The pink Rockrose on Kefalonia
Springtime on Kefalonia. Among the abundance of beautiful flowers, there is one that goes almost unnoticed. The lovely pink Rockrose with the botanical name Cistus is a small shrub and its pink or white flowers have crumpled petals.
You can’t find them everywhere as they prefer poor soil in rocky areas. Sometimes there is a whole hillside full of white Rockrose with just a few pink Rockrose spots here and there. Other areas seem to be preferred only by the pink Rockrose and finally, there are areas where you can find neither one.
Pink Rockrose as a medical plant
As a medical plant, the pink Cistus incanus is the desired flower to collect on Kefalonia. In 1999 it was chosen as the European plant of the year. The reason: It seems that this species of Cistus is a powerful weapon against a number of diseases due to the plant’s high level of polyphenols. Polyphenols help the body fight against the so-called free radicals that can contribute to causing cancer or heart disease.
It was found that Cistus incanus have more polyphenols than almost any other plant in Europe. This little flower is an all-rounder. It is said to have anti-bacterial, anti-viral, and even anti-fungal abilities as well as helping the immune system against allergies. You can drink it as tea or use concentrated tea to treat skin irritations or injuries.
Did they find all this out in 1999? Far from it. Already in ancient times, Cistus was used for medical purposes. The first references go back to the 4th century BC. But this old knowledge fell into oblivion. Only in a few regions in Greece and the Mediterranean, people still use the pink Rockrose as a cure for injuries, the flu or just as a daily tea to stay healthy.
Cistus on Kefalonia
So, there are many good reasons to go out into nature and collect Cistus on Kefalonia. The first little pink flowers show up in March. Then, in April and May, you can see them in many places.
Short self-promotion: If you are planning to spend your holidays in Kefalonia have a look at the holiday home Joleni Cottage. It is located in the midst of nature and there are many places nearby where you can collect the Rockrose.
After collection, the Cistus is taken home and either placed on a clean sheet in the shade or hung upside down on a clothesline to dry for a few days in the breeze.
And then the pleasant part begins for the tea lovers and an act of self-discipline for coffee fans: brew the tea and drink it.
How to prepare the Rockrose tea
- Take a small handful of dried Cistus and add approx. 500ml of boiling water. If you want it more exactly: 5 teaspoons (10g) for 0,2 – 1 litre of water. Let it infuse up to 5 minutes. On hot days in the summer you can drink it as iced tea with a few drops of lemon in it.
- To treat skin irritations, injuries or foot fungus you make a stronger brew. Take 10g of Cistus, pour 100 – 200ml of boiling water and infuse for 5 minutes. You can use the brew for about 2 days if you keep it in the fridge. Wet a cloth or cotton wool to treat the skin.
For the tea lovers: Enjoy!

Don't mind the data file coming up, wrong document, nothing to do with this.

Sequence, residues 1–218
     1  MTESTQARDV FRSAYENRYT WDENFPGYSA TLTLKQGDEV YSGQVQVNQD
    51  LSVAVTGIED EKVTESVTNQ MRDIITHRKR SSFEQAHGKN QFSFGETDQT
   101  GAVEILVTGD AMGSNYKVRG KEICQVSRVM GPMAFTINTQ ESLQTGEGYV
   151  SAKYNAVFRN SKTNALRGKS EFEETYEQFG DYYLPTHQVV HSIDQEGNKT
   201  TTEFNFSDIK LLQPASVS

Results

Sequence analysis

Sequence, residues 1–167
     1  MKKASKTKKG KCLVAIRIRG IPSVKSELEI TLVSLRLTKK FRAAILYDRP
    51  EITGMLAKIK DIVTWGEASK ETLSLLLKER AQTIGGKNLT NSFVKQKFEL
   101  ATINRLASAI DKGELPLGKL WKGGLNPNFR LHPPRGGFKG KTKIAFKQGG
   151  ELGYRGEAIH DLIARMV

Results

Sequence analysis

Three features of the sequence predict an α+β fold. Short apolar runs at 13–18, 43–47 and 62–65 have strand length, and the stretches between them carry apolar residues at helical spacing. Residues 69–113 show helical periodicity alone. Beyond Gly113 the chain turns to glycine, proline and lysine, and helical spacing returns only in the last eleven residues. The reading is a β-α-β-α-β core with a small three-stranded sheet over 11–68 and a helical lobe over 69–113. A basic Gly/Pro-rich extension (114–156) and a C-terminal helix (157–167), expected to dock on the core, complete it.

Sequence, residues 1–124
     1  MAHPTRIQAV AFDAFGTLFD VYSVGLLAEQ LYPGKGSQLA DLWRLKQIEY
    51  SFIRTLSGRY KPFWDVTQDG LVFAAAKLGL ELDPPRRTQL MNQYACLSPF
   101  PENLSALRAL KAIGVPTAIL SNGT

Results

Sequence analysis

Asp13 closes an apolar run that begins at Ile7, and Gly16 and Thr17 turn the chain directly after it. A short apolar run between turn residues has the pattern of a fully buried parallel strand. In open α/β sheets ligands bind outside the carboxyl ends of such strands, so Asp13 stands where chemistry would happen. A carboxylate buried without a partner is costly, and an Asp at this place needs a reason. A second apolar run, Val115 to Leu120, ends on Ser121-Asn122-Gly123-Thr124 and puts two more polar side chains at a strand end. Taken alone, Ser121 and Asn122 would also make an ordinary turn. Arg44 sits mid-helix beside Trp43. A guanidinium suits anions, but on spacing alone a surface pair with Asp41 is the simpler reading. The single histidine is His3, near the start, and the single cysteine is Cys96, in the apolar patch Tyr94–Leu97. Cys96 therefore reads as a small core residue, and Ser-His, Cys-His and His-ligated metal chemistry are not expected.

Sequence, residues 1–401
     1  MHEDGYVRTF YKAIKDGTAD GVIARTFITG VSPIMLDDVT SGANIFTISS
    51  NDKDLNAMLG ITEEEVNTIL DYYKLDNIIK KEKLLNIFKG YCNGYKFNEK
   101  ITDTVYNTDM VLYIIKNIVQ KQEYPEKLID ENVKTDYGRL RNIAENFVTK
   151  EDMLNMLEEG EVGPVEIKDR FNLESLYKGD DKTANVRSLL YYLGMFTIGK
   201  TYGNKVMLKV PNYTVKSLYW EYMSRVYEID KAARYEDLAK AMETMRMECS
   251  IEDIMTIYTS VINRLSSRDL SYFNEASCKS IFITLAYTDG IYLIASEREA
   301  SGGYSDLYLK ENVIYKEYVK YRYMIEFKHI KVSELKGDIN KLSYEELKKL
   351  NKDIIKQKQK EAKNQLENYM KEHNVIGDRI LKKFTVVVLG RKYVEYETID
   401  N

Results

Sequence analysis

For the coffee fans: Close your eyes and think of … your health.
25/08/2019 at 10:58 pm
Do you know how long you can store the brewed tea, for oral consumption, in the refrigerator? If I make a large batch, for the family to use throughout the week, can the brewed tea be used that long when in the fridge?
Thanks so much,
26/08/2019 at 8:27 am
Hi Jerri, I would not store the brewed tea for a whole week. With 2 or 3 days you are probably on the safe side.
10/04/2020 at 2:46 pm
Do you know what’s the best time to harvest the plant? Because that special resin “labdanum” is only produced only in the hot months of summer and when, unfortunately, the flower of the plant is gone!
Any suggestions please?
12/04/2020 at 7:08 pm
The best time to collect is in April and May when the Cistus blossoms, or just before the flower is opening. Not all the Cistus varieties produce labdanum but I have collected cistus with this sticky resin in some parts of Kefalonia when it was blossoming in May.
19/05/2020 at 12:21 am
Hi can i use the whole plant for thee? Or only leaves? Thank you
20/05/2020 at 3:16 pm
You can use the whole plant. Leaves, flower and stem.
10/06/2020 at 12:06 pm
Thanks for your informative well written article. I live in Ibiza and There’s Cistus all over the hillside outside. It’s a bit late to harvest according to your article, the flowers are gone. However I made the tea with fresh leaves, nice colour, almost no taste. Is this because I didn’t dry it? Do I need to add the stems? I’ll experiment. thanks again.
10/06/2020 at 1:26 pm
Dried Cistus has a stronger taste. If you use fresh leaves you need a bigger amount of leaves. You can add the stems if you want and if they are not wooden yet (as it is quite late in the season).
28/06/2020 at 11:47 pm
Hi, I have started making tea out of Cistus ‘purpureous’ – pinky purple rock rose with dark flecks near the centre of the flower. Is this still Cistus Incanus? Does it have the same health benefits?
29/06/2020 at 8:04 am
As far as I know, only Cistus Incanus has the described health benefits.
01/01/2021 at 2:50 pm
Once it is dried, can it be stored indefinitely? How can you tell if it is no longer beneficial to drink? Thanks!
01/01/2021 at 3:18 pm
I am not really sure how long you can store the dried Cistus. Usually, I use up the Cistus until next year’s harvest.
01/12/2022 at 5:03 pm
Hello, I read that this tea should never be boiled because it will kill all the good stuff. But you say to boil it for 5 minutes, so I’m a bit confused.
03/12/2022 at 10:29 am
Hi Paul, you are right that the tea shouldn’t be boiling for 5 minutes. This was probably lost in translation. You pour boiling water over the Cistus and let infuse for up to 5 minutes. Thank you for pointing it out, I have worded it differently now.